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Celebrating the New School Year

“Education is the most powerful weapon which you can use to change the world.”Nelson Mandela

As the summer ends and the weather turns, the new school year begins. Although the first day varies in different parts of the world, generaly school begins in late August or early September in the northern hemisphere. Berghahn is happy to welcome everyone back with some relevant Education Studies titles.

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LEARNING UNDER NEOLIBERALISM
Ethnographies of Governance in Higher Education
Edited by Susan Brin Hyatt, Boone W. Shear, and Susan Wright

Volume 1, Higher Education in Critical Perspective: Practices and Policies Series

 

As part of the neoliberal trends toward public-private partnerships, universities all over the world have forged more intimate relationships with corporate interests and more closely resemble for-profit corporations in both structure and practice. These transformations, accompanied by new forms of governance, produce new subject-positions among faculty and students and enable new approaches to teaching, curricula, research, and everyday practices. The contributors to this volume use ethnographic methods to investigate the multi-faceted impacts of neoliberal restructuring, while reporting on their own pedagogical responses, at universities in the United States, Europe, and New Zealand.

Introduction: Higher Education, Engaged Anthropology, and Hegemonic Struggle

 

 

In Paperback! 

ANTHROPOLOGIES OF EDUCATION
A Global Guide to Ethnographic Studies of Learning and Schooling
Edited by Kathryn M. Anderson-Levitt

 

Despite international congresses and international journals, anthropologies of education differ significantly around the world. Linguistic barriers constrain the flow of ideas, which results in a vast amount of research on educational anthropology that is not published in English or is difficult for international readers to find. This volume responds to the call to attend to educational research outside the United States and to break out of “metropolitan provincialism.” A guide to the anthropologies and ethnographies of learning and schooling published in German, French, Spanish, Portuguese, Italian, Slavic languages, Japanese, and English as a second language, show how scholars in Latin America, Japan, and elsewhere adapt European, American, and other approaches to create new traditions. As the contributors show, educators draw on different foundational research and different theoretical discussions. Thus, this global survey raises new questions and casts a new light on what has become a too-familiar discipline in the United States.

Introduction: Anthropologies and Ethnographies of Education Worldwide

 

 

CONNECTING HISTORIES OF EDUCATION
Transnational and Cross-Cultural Exchanges in (Post)Colonial Education
Edited by Barnita Bagchi, Eckhardt Fuchs and Kate Rousmaniere

 

The history of education in the modern world is a history of transnational and cross-cultural influence. This collection explores those influences in (post) colonial and indigenous education across different geographical contexts. The authors emphasize how local actors constructed their own adaptation of colonialism, identity, and autonomy, creating a multi-centric and entangled history of modern education. In both formal as well as informal aspects, they demonstrate that transnational and cross-cultural exchanges in education have been characterized by appropriation, re-contextualization, and hybridization, thereby rejecting traditional notions of colonial education as an export of pre-existing metropolitan educational systems.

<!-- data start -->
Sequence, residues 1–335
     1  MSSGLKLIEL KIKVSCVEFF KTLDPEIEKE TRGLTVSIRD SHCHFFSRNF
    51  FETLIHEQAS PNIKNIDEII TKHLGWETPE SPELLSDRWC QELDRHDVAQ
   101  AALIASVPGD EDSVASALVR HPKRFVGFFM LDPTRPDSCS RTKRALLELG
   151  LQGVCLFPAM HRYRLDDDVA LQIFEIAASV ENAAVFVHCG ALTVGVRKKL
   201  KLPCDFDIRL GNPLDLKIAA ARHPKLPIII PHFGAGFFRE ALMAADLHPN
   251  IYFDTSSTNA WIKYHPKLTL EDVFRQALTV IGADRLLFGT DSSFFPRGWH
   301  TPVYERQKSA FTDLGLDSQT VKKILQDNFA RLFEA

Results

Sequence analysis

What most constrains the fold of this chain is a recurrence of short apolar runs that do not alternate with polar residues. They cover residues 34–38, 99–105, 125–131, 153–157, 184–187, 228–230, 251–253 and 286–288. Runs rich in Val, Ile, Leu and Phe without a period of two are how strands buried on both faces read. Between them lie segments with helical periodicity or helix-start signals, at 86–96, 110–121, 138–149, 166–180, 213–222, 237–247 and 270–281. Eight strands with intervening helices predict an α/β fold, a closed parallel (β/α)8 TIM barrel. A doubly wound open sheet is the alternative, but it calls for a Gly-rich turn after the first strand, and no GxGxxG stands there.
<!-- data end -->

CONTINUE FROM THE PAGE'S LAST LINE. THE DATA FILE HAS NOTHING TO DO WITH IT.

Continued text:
CHILDREN, FAMILIES, AND STATES
Time Policies of Childcare, Preschool, and Primary Education in Europe
Edited by Karen Hagemann, Konrad H. Jarausch and Cristina Allemann-Ghionda

Volume 8, Contemporary European History Series

 

Due to the demand for flexible working hours and employees who are available around the clock, the time patterns of childcare and schooling have increasingly become a political issue. Comparing the development of different “time policies” of half-day and all-day provisions in a variety of Eastern and Western European countries since the end of World War II, this innovative volume brings together internationally known experts from the fields of comparative education, history, and the social and political sciences, and makes a significant contribution to this new interdisciplinary field of comparative study.

 

 

 

HINDI IS OUR GROUND, ENGLISH IS OUR SKY
Education, Language, and Social Class in Contemporary India
Chaise LaDousa
Foreword by Krishna Kumar

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A sea change has occurred in the Indian economy in the last three decades, spurring the desire to learn English. Most scholars and media venues have focused on English exclusively for its ties to processes of globalization and the rise of new employment opportunities. The pursuit of class mobility, however, involves Hindi as much as English in the vast Hindi-Belt of northern India. Schools are institutions on which class mobility depends, and they are divided by Hindi and English in the rubric of “medium,” the primary language of pedagogy. This book demonstrates that the school division allows for different visions of what it means to belong to the nation and what is central and peripheral in the nation. It also shows how the language-medium division reverberates unevenly and unequally through the nation, and that schools illustrate the tensions brought on by economic liberalization and middle-class status.